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Transport Minster Shane Ross Sam Boal
Off the Road

Shane Ross to seek a free vote on new drink-driving law

A number of rural TDs, including some in the Independent Alliance, are unhappy with some aspects of the law.

TRANSPORT MINISTER SHANE ROSS is to seek a free vote in the Dáil on his new drink-driving law, has learned.

Last week, Ross received approval from his Cabinet colleagues to implement a new law that will see drink drivers automatically disqualified from driving when caught over the alcohol limit.

Ross said he hopes that the General Scheme of a Road Traffic (Fixed Penalty – Drink Driving) Bill will be passed as soon as possible.

The latest figures show there were 188 road deaths last year, an increase of 26 on 2015.

Rural TDs

The minister is likely to face some backlash from rural TDs over the new legislation - even from within his own Independent Alliance grouping.

“I expect it to pass through the Dáil with resistance in places from rural areas,” Ross told yesterday.

I will be looking for a free vote for everybody. Fine Gael and Fianna Fáil don’t really do free votes, but I will be asking the Cabinet … they may say no.

He pointed out that a free vote is not included in the Programme for Government on the issue.

It’s understood that a number of TDs, including his Independent Alliance colleagues Kevin Boxer Moran and Sean Canney, are unhappy with some aspects of the new legislation and the impact it will have on rural areas.

“This seems to be a classic case for it, it should be a free vote, certainly for Kevin Boxer [Moran] and Sean Canney,” continued Ross.

Other TDs such as Kerry’s Michael Healy Rae have also been vocal about stricter laws.

In 2016, Healy Rae said there should be “a common sense approach in rural areas” whereby people could go out, have a glass or two of beer and drive home.

“There is nothing wrong with it,” he added.

It’s understood Ross will seek permission for a free vote from his government colleagues in next week’s Cabinet meeting.

The importance of the pub

Ross said he “totally understands” why some rural TDs have concerns about the new provisions.

I know the importance in rural Ireland of the pub, the social drinking – but I think if we save one life, which it can, it is not too much to ask for people to make arrangements.
One person can drive, and four people can drink, and publicans can make arrangements.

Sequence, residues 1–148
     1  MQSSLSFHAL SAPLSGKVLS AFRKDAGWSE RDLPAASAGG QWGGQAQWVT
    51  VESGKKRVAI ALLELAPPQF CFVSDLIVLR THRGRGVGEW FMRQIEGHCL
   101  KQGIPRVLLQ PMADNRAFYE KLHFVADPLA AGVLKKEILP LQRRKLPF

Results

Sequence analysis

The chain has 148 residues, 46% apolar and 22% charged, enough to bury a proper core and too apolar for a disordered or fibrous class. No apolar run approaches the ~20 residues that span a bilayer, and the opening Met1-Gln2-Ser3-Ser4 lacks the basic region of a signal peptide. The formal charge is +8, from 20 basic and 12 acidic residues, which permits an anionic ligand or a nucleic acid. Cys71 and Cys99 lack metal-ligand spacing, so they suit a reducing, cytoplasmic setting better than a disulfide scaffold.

He said the government will also investigate what measures it can introduce that will help country communities deal with the new laws.

“It is part of rural life and no one wants to do anything to damage that, but also we don’t want to provide facilities that allows people who have been drinking more than they should to go out and drive cars,” said the transport minister.

‘Drink culture’

When asked if he was familiar with the recent “Pint Baby” video that has gone viral, he said he was, and pointed out there is a “drink culture” here in Ireland.

That [a drink culture] would be fine as long as people aren’t killing people and there were no road deaths as a result. You have to have an absolute on that, I think. You can’t say it is okay for some people in the country to drive over the limit and get lesser penalty points and be kept on the road.

Ross said he found the recent RTÉ documentary, which looked at the personal stories behind Ireland’s car crash victims, “chilling”.

When you see children being killed innocently… I think it is a no-brainer that things like this should be tackled.

He said he had no patience for people who say they can drink five pints and drive home.

“They are being wildly irresponsible with other people’s’ lives, it is not just their own,” said the minister.

He said that disqualifying drivers who were found to be drink driving was “proportionate” and would “ultimately save lives”.

‘No exceptions’: Drink drivers to get automatic ban instead of penalty points>

Poll: Should all motorists be disqualified for drink driving?>

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